Diagnosis of NAFLD
Many patients with NAFLD have normal plasma AST and ALT levels and remain undiagnosed, but the NAFLD fibrosis score and fibrosis-4 score, estimated from common blood tests, can predict fibrosis with a high degree of accuracy.12 Hepatic ultrasonography has a sensitivity of 79.7% and vibration-controlled transient elastography (FibroScan) can detect liver stiffness, an index of advanced fibrosis, with an accuracy of 79%.13 If there is a high degree of suspicion based on risk factors and transaminase levels, ultrasound imaging and/or FibroScan may be indicated.14


  1. Non-Pharmacological Interventions

    The cornerstone of prevention and treatment of NAFLD and NASH remains weight loss via lifestyle modifications. Histological improvement in NAFLD is proportional to amount of weight loss and a >7-10% weight reduction significantly impacts liver steatosis, inflammation and necrosis.15 Adherence to a Mediterranean diet is inversely associated with steatosis and fibrosis and decreases 10-year risk of T2DM and CVD in NAFLD subjects.16 Fructose intake should be minimized even though it has a low glycemic index, because it aggravates weight gain, stimulates intrahepatic triglyceride (TG) accumulation, and has been associated with worsening fibrosis and progression to NASH. Restriction of dietary fat intake can lower TGs and especially if not replaced with excess simple carbohydrate intake. Weight-loss medications and bariatric surgery may have a positive impact on NAFLD but have not been well studied.
  2. Pharmacological Interventions

    Anti-Diabetic Agents
    Glucagon-like Peptide-1 receptor agonists (GLP1-RA) are recommended in patients with NASH, obesity and/or T2D given their ability to promote weight loss, enhance hepatic insulin sensitivity and reduce TG accumulation in the liver. Liraglutide and semaglutide have significant biopsy-proven histological benefit along with weight loss and glycemic control in diabetics although reduction in fibrosis has not been proven.17,18 Animal studies have shown reduction in steatohepatitis with sodium-glucose co-transporter 2 (SGLT-2) inhibitors but there is no human data to support its use in NAFLD. Pioglitazone is safe and effective in diabetics with NASH and improves insulin sensitivity in adipose tissue, liver, and muscle, despite some weight gain. Among all anti-diabetic therapies, pioglitazone showed the greatest decrease in TG content in liver and improvement in histology followed by GLP1-RA.19 Although metformin improves insulin sensitivity, there is no effect on hepatic fat content or fibrosis.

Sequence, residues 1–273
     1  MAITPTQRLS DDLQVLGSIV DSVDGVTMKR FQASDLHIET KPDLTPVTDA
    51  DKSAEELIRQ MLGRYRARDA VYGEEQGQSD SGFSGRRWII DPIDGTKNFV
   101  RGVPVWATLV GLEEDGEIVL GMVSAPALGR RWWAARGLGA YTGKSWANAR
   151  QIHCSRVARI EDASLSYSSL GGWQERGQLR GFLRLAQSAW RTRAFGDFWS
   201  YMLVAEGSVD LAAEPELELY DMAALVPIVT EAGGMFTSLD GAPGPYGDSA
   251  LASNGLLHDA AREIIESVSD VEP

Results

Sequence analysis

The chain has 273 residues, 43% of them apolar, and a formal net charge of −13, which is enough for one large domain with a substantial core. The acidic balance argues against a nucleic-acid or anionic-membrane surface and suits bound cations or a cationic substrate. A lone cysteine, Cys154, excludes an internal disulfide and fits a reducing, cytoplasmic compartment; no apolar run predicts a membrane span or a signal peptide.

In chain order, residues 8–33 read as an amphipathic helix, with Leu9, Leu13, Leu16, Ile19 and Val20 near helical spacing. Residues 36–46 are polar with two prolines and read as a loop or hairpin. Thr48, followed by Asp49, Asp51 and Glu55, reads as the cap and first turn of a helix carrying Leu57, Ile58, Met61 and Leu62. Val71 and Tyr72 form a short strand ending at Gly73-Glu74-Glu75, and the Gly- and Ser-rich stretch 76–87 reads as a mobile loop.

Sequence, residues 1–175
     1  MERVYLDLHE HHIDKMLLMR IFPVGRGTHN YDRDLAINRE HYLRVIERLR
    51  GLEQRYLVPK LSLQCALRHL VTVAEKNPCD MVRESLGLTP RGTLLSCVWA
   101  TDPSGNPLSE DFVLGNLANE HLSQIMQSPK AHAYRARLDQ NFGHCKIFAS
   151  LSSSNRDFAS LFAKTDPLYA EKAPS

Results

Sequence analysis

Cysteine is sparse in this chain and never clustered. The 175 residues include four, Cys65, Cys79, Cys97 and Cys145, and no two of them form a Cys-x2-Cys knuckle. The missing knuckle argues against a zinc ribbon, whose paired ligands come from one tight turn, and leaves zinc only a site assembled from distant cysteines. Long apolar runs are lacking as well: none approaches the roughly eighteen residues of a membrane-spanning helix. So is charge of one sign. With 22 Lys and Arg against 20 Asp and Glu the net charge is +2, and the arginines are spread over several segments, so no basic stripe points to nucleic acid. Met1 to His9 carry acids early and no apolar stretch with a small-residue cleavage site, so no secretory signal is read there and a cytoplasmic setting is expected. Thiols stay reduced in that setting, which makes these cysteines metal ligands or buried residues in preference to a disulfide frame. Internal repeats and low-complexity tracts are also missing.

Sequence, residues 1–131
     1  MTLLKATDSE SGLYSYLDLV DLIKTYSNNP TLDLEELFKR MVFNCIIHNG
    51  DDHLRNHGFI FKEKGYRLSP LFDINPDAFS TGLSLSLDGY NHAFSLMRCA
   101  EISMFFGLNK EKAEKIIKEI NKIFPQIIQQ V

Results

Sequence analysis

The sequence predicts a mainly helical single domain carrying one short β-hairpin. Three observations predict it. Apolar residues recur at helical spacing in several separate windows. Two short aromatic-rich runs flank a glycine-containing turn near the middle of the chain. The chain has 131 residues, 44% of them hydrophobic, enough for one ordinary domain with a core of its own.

Lipid-Lowering Agents
    Since the initial concerns with use of statins in the presence of liver pathology, there have been a number of prospective studies with atorvastatin,20 all notable for significant improvement in transaminase as well as cholesterol levels with a decrease in hepatic fatty infiltration in subgroup, post-hoc analysis. Use of statins in those with mildly elevated ALT at baseline is associated with better outcomes and overall, the cardiovascular and hepatic benefits of statin use far outweighs the minimal risk of liver failure. In patients with high ASCVD risk or known CVD, statins are safe to use in those with chronic liver disease, with close monitoring of liver enzymes. Other lipid-lowering therapies such as ezetimibe, fibrates, bempedoic acid and PCSK-9 inhibitors have not been studied in NAFLD.